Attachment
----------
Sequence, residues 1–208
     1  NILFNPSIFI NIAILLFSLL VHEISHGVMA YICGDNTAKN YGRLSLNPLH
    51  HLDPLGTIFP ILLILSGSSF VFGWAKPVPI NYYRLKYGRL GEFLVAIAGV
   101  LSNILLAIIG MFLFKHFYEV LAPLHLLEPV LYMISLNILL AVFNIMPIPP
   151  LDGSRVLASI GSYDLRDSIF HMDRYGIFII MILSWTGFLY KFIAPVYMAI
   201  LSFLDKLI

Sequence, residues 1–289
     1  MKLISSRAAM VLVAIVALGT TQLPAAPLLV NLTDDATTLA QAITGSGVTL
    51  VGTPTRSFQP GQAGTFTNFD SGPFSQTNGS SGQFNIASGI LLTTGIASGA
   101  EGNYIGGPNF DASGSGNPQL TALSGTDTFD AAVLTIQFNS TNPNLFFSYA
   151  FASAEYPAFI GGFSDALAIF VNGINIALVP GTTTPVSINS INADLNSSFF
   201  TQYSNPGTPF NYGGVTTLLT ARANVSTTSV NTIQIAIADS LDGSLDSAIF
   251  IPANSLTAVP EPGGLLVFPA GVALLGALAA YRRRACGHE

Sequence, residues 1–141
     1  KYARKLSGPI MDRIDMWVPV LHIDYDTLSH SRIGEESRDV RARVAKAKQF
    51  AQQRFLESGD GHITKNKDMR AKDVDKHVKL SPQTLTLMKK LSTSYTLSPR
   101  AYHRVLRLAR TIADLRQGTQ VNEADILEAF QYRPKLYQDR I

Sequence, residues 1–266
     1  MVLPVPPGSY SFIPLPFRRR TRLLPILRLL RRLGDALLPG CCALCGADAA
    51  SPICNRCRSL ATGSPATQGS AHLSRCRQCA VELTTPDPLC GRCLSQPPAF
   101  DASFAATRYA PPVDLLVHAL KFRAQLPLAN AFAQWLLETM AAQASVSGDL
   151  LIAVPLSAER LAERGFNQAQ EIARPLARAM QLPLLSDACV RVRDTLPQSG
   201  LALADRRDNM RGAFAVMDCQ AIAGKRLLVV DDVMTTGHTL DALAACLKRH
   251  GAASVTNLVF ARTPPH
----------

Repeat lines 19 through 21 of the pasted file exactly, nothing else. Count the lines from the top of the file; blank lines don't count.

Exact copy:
     1  MVLPVPPGSY SFIPLPFRRR TRLLPILRLL RRLGDALLPG CCALCGADAA
    51  SPICNRCRSL ATGSPATQGS AHLSRCRQCA VELTTPDPLC GRCLSQPPAF
   101  DASFAATRYA PPVDLLVHAL KFRAQLPLAN AFAQWLLETM AAQASVSGDL